The consequences of inappropriate humor are nothing new (in fact I wrote about humor as an HR issue back in 2013). But in light of the recent happenings with a certain TV show and its titular actor, I figured it was worth re-visiting.
There are three reasons humor tends to be inappropriate in the workplace:
1) Inappropriate Subject Matter
Inappropriate subject matter is typically the most offensive, and can take several different forms. Off-color humor, or humor about very grave public events are both examples of inappropriate subject matter. Just because you’re using humor, it doesn’t mean you’re free to talk about whatever you want.
2) Inappropriate Target
Humor that takes aim at an inappropriate target is another common way office humor steps out of bounds. If a person is being made fun of, the office atmosphere can quickly change from being fun and lighthearted to exclusionary and polarizing, which is inappropriate for any place, not just one of work.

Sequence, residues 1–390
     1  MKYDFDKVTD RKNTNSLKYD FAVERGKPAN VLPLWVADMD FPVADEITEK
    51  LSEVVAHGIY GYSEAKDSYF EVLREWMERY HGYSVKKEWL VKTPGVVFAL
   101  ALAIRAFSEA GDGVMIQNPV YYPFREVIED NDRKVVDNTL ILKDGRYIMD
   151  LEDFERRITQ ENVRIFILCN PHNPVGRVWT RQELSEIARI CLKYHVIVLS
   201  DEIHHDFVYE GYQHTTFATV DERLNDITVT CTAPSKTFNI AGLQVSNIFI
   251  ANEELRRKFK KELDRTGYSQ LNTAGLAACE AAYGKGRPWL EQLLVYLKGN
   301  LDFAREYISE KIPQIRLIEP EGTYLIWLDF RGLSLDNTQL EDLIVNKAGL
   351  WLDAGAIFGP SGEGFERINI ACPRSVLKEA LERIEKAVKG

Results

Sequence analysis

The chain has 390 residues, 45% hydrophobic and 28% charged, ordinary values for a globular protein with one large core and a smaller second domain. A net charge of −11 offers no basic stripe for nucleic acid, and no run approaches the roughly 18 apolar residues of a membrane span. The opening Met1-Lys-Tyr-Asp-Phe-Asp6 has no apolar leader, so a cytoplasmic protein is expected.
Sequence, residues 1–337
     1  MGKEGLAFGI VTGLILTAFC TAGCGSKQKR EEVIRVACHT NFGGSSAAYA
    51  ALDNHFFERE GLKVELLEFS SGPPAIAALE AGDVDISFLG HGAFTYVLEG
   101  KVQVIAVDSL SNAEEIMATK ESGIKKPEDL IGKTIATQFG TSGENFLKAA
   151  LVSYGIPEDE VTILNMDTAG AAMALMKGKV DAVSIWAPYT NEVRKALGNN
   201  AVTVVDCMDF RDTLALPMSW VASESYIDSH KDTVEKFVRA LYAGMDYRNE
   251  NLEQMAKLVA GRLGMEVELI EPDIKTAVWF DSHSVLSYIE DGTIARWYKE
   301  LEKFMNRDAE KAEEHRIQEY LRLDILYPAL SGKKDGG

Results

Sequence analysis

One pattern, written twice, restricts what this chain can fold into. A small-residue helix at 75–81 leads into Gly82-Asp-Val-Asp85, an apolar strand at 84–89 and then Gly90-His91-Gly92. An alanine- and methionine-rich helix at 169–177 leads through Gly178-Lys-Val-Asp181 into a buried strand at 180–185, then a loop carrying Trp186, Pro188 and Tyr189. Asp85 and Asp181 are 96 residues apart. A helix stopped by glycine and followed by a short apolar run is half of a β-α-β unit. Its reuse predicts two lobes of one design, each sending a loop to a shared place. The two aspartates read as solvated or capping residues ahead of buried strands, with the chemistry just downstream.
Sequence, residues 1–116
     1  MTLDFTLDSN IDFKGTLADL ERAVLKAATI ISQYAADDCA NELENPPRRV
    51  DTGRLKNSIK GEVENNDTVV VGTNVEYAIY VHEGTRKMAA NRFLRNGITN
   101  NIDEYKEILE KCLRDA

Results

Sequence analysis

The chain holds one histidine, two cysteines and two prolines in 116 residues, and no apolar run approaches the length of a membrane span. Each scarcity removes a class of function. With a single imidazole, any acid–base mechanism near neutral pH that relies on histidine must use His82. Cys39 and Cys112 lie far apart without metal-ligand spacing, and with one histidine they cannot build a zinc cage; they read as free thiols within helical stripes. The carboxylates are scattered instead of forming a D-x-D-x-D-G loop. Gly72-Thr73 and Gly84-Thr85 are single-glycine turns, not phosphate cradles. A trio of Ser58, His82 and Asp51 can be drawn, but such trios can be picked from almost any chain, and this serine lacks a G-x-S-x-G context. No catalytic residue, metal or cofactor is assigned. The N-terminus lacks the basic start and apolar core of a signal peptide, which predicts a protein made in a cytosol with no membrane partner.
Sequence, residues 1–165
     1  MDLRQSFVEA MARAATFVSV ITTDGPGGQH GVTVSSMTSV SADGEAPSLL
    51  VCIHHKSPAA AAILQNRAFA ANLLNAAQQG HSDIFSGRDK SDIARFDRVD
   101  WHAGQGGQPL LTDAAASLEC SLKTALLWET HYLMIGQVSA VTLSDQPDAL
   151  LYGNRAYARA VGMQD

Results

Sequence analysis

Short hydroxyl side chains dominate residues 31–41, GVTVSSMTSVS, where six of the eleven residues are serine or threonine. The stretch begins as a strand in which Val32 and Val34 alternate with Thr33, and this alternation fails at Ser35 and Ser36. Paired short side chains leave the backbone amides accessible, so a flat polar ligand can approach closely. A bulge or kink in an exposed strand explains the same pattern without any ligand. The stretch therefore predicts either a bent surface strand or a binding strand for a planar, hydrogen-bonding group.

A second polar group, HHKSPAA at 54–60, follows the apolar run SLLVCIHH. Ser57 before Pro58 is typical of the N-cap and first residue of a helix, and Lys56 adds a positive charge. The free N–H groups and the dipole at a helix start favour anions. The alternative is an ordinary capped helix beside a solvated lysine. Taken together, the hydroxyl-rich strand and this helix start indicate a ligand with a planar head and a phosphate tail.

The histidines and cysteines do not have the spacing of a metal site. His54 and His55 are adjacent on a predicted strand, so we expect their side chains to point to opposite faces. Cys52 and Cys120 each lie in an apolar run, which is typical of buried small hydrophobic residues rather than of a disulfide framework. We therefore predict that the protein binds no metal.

3) Inappropriate Time
Using humor at an inappropriate time can often be just as upsetting as either of the two preceding categories. Some moments are meant to be serious, and trying to lighten them with humor can come across badly. For example, firing someone is not the time try out your witty one-liner about firetrucks.
Avoiding Inappropriate Humor at Work
When thinking about humor at work, make sure you aren’t doing any of the above. Last week, we talked about the Four Styles of Humor. The easiest way to make sure your humor is appropriate is to focus on the first two styles.
Have you ever felt the repercussions of using humor at work? What happened and how did it get resolved?